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Wednesday, July 14, 2010

Four poems in two days! It may not sound like much, but I'm forcing myself to write them. I won't be sharing the ones from last night. I'm doing that thing only a Christian writer can do: wonder if and when he should repent for writing what he really thinks. The first stanza of the longest poem, "Mara," I don't entirely mean. I just knew I was in a mood, and I wanted to let it be. Lord, you know I love you. It may well be you have granted more freedom to your creatures than most of us are ready to accept, and that might mean somebody is spiritualizing their own selfishness, or whatever it is. [One of your present trials is causing the death of your Calvinism.--ed.] So it would seem. [Which one?--ed.] Both? Anyway, I'm really into haikus right now. I like them because they give me some structure to go with my meandering, hippie free-verse style. [This just means your poetry sucks.--ed.] I know. But it's mine. Have you forgotten "Fruit"? [That sucks, too.--ed.] Sheesh, tough room. [And another thing: Why do you call everything you don't like "hippie"?--ed.] I came of age personally and politically in a time when the prevailing wisdom on all things personal and political was leftist, or at least leftish. Worse still, no one dared to question it. No one doubted, no one hedged. Even worse than this, it wasn't even the stupid, naive, aspirational kind; it was the self-loathing, "I hate being American, I feel guilty not starving" kind. When I came to the realization that I didn't believe George W. Bush got his jollies from dumping sludge in the Rio Grande, that ordinarily the food companies/drug companies/car companies, etc. were not trying to kill me, and that some things and people are bad with no qualifications & no others to blame, I understood that perhaps politics was more complicated than The Compassionate vs. The Selfish, and thus, I was a conservative, maybe even for the sheer fact that noone important wanted to make the case. I know precious little about economics, really, but I found that there seemed to be a small band of people arguing really contrarian things about social policy, money, and government, and after they concluded, they were denounced (if they were heard at all) as evil, backward, racist mother-haters, at best. [You went to college, didn't you?--ed.] I love likable contrarians, anyway, and a well-adjusted conservative of some type is that if nothing else. Still, I admire greatly those passionate people who can't wear my label(s) of choice because of some moral imperative the rest of us may be missing (peace advocates, anti-death penalty activists). I found a few that weren't unpricipled poseurs or Stalinists, and thus, I have a few views now (Middle East, death penalty, abortion, war) which are misnamed "liberal" but certainly aren't 'conservative' in the current sense. I did a 180 on that war thing; I believed (and still do) that American leaders thought they had done the right thing, but had failed to see how high the cost was, and that American self-image couldn't paper it over or give it success. Combine that with the realization that American foreign policy has never had a coherent set of principles governing when we will (or had) use(d) force. Only after-the-fact rationalizations or disavowals when expedient. I can't even say I've been consistent. But someone should start. [You're not answering my question.--ed.] Ah, yes, "hippie." "Hippie"=useful idiot, or, on the good side, "Person holding a minority position within some wider group while unfairly harrassed, whose main motivation is Love (even if they are wrong). Thus, "FV hippies," "Austrian economist hippies," and the like. Contrasted with drug-addled hippies, pro-Che hippies, and pro-Black Panther hippies (same thing). [What about Jesus?--ed.] Well, that started with the Wild Thing At That Weird Place, but in college, we sure did a lot of talking about God, for being supposed post-Christian secularists. And frankly, Christianity* was the only religion I heard about that didn't make me go, "That's ^%$^{[! stupid!" No offense. Besides, just read the New Testament. If you don't want to A) be Jesus, or B) at least hang out with his friends (and be one) you are nuts. Sorry. If perchance you doubt the authenticity/veracity of it, fair enough, but you're not winning that one. I read somewhere it was the most well-attested ancient document on Earth. It's cool, though. I know lots of nuts people, and I love them dearly. By the way, "I don't believe in organized religion" roughly translates to, "I want to wander aimlessly through the basement of my mind with the lights off," and that's only fun for a short time. Or maybe you mean "I don't want to be told what to do" which is perfectly fine, until you don't know what to do. Personally, I began to wonder, "What kind of God would listen to my sorry [expletive]?" I'm going to call this the Kushner Singularity. Upon approaching this mental conundrum that looks and sounds like a space-time disturbance, one realizes that God cannot be omni-all the good stuff, and ratify everything I would do anyway. Better find out what He wants, then, eh? My thoughts.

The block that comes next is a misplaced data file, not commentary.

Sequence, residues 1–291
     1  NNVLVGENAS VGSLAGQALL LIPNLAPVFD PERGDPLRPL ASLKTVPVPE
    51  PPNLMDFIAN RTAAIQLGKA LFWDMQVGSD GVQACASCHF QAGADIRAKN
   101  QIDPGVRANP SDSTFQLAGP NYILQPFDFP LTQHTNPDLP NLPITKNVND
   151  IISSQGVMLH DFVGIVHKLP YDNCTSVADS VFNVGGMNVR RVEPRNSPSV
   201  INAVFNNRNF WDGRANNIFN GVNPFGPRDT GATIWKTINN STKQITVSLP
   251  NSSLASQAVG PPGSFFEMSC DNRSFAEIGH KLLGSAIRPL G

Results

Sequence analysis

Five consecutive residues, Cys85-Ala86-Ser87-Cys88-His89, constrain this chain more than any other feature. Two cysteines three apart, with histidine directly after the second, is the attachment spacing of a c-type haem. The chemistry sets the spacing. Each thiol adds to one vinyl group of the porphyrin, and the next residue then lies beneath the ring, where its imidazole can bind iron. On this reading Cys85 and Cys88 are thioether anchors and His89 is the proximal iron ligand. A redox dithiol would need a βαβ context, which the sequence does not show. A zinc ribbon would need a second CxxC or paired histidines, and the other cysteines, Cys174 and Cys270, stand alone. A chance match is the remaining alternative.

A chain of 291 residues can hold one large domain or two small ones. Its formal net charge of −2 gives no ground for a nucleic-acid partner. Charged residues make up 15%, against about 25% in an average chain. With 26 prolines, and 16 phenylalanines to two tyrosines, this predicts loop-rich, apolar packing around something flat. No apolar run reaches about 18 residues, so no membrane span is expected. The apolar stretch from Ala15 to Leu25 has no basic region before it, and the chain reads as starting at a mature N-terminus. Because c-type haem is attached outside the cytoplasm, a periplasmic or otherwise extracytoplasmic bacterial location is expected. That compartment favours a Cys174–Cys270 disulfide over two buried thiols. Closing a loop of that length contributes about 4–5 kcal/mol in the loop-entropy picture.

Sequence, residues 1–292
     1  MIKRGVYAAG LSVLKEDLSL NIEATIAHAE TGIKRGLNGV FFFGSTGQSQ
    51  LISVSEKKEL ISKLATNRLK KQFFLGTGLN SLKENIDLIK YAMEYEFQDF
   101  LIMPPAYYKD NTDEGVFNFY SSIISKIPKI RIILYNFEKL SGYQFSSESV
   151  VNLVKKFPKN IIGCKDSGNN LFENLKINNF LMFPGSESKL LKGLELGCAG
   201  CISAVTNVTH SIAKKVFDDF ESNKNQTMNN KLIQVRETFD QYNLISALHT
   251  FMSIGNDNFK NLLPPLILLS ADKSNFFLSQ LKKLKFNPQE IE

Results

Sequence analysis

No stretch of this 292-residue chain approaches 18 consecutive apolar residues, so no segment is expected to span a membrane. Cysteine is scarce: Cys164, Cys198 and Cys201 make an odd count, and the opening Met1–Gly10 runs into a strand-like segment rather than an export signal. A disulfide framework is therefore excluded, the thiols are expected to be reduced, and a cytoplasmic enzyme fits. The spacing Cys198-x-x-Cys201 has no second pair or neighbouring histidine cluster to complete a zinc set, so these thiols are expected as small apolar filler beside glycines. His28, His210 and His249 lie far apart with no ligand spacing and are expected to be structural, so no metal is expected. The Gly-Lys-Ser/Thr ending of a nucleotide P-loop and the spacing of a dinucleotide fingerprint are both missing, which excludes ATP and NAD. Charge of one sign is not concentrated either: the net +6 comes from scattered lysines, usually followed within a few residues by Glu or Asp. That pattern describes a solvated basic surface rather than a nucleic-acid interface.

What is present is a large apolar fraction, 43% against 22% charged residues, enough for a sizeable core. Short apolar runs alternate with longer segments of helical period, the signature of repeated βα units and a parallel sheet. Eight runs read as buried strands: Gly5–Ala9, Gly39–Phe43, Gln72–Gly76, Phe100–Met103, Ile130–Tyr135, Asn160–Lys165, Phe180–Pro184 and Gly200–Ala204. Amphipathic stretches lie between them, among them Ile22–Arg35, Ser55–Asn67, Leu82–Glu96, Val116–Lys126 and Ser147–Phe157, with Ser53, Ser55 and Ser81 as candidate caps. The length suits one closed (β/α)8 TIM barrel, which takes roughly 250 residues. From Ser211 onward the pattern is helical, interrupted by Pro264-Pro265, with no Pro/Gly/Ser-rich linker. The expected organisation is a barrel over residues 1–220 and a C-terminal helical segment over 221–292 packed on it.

[Eminently Necessary Definition--*Christianity: Apostles,' Nicene, and Chalcedonian Creeds/Definitions at a minimum, minor variations occasioned by the Protestants notwithstanding, or disqualifying, neccesarily. Denying the divinity of Christ, or his humanity at the Incarnation, is an automatic, epic, fail. I'm sure you are a nice fellow (or you might be at least) but you are not a Christian if you do. Nice suit, though.]

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